Families with Children and Adolescents: A Review, Critique, and Future Agenda

By Crosnoe, Robert; Cavanagh, Shannon E. | Journal of Marriage and Family, June 2010 | Go to article overview

Families with Children and Adolescents: A Review, Critique, and Future Agenda


Crosnoe, Robert, Cavanagh, Shannon E., Journal of Marriage and Family


This decade's literature on families with children and adolescents can be broadly organized around the implications for youth of family statuses (e.g., family structure) and family processes (e.g., parenting). These overlapping bodies of research built on past work by emphasizing the dynamic nature of family life and the intersection of families with other ecological settings, exploring race/ethnic diversity, identifying mechanisms connecting family and child/adolescent factors, and taking steps to address the threats to causal inference that have long been a problem for family studies. Continuing these trends in the future will be valuable, as will increasing the number of international comparisons, exploring "new" kinds of family diversity, and capturing the convergence of multiple statuses and processes over time.

Key Words: adolescence, childhood, family policy, family process, family structure, parenting.

Since the 2000 review issue of this journal, the population of families with children and adolescents in the United States has been transformed by the aging of baby boomers through their prime childbearing years, the flow of immigration, and race/ethnic differences in fertility and union formation (Hernandez, Denton, & Macartney, 2008; U.S. Census Bureau, 2005). It has also experienced great fluctuations in economic stability and both cultural and legal change in many aspects of family life, including nonmarital fertility and same-sex marriage (Rosenfeld, 2007; Wu, 2008). Concurrent with this demographic and economic change, these families have taken center stage in many policy debates of the new century, especially efforts to break the intergenerational transmission of inequality by targeting the educational experiences of youth (e.g., No Child Left Behind, universal pre-K; Fuller, 2007) and the marital and labor force experiences of parents (e.g., job training, marriage promotion; Duncan, Huston, & Weisner, 2007; Nock, 2005).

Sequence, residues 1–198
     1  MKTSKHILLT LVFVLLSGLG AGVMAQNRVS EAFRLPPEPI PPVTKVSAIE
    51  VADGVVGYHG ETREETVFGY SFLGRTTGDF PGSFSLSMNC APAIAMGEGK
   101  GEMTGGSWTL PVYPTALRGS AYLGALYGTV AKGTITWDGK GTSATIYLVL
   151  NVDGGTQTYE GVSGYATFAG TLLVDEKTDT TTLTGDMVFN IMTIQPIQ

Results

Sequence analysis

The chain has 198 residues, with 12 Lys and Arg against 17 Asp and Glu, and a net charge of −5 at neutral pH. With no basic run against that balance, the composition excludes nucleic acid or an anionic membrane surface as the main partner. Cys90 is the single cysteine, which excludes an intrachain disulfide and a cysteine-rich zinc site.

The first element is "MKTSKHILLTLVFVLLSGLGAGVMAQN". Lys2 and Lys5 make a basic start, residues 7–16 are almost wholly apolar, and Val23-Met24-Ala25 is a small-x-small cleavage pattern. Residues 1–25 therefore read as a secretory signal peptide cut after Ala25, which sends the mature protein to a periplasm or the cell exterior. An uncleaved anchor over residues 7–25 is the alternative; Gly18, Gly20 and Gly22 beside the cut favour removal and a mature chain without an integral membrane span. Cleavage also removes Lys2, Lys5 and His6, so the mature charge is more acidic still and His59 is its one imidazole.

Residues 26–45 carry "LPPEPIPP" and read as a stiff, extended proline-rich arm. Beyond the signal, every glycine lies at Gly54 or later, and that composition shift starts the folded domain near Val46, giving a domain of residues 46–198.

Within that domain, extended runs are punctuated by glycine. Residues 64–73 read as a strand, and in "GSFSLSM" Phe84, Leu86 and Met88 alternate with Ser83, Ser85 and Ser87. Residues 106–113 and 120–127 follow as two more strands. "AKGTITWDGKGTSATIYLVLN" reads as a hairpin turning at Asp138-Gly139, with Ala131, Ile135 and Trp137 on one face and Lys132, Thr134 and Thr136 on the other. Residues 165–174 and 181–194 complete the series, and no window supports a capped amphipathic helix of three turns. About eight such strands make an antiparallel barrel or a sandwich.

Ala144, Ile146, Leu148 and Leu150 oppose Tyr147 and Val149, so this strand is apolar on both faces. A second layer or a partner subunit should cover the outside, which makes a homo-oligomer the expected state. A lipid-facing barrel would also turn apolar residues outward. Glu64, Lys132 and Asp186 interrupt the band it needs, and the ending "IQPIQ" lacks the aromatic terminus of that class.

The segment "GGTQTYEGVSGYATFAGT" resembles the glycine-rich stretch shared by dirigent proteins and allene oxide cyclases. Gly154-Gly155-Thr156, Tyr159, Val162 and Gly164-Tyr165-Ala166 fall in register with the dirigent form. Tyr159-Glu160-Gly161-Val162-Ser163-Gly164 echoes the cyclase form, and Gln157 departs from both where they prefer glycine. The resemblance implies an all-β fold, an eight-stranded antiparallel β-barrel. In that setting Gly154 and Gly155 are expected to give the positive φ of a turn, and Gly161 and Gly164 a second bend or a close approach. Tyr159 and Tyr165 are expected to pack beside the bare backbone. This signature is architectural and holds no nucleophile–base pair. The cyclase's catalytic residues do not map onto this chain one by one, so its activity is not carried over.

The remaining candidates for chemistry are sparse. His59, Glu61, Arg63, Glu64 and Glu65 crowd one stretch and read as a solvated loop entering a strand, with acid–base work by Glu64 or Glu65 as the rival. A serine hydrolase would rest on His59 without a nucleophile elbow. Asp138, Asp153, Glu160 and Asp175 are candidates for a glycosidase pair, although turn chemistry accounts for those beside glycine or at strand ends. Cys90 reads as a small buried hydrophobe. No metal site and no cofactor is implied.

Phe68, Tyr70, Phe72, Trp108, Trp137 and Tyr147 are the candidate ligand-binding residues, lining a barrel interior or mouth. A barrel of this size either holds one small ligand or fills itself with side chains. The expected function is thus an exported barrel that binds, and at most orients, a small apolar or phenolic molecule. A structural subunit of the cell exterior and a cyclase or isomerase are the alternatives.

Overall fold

The last decade, therefore, has been a time in which the well-being of children and adolescents has served as a useful barometer of the well-being of families in an ever changing social landscape. Not surprisingly, then, researchers' interest in families with children and adolescents, especially those in the United States, has continued to grow. Since 2000, Journal of Marriage and Family (JMF) has featured just under 100 articles focusing on such families. A similar, although less widespread, trend has been seen in other journals in multiple disciplines. With the knowledge produced by this activity, we stand on the cusp of a paradigm shift in which we will be able to establish causal pathways and unpack actual processes better than ever before.

What we try to do in this review, therefore, is delve into the research that has brought us this far and explain where it points us in the future. In doing so, we think about how the lives of family members are intertwined over time within larger social contexts and how what goes on in the family links the macrolevel of social stratification and population change to the microlevel of individual functioning. This is, in other words, an ecological life course take on past and future research on families with children and adolescents. As a preview, we focus on two general areas: (a) family status, as defined by marriage, employment, and education, and (b) family process, including intergenerational and intragenerational relations. Within these areas, we pay special attention to issues of dynamic change, ecology, and causality. The goal is not to be exhaustive but instead to start a conversation about what has been done and what can be done.

FAMILY STATUS

Marital, occupational, and socioeconomic statuses identify the current and future positions of families in the systemic stratification of opportunities, rewards, and social standing in society. As such, they proxy resources (e.g., time, money) that shape how parents interact with children and presage young people's long-term development. …

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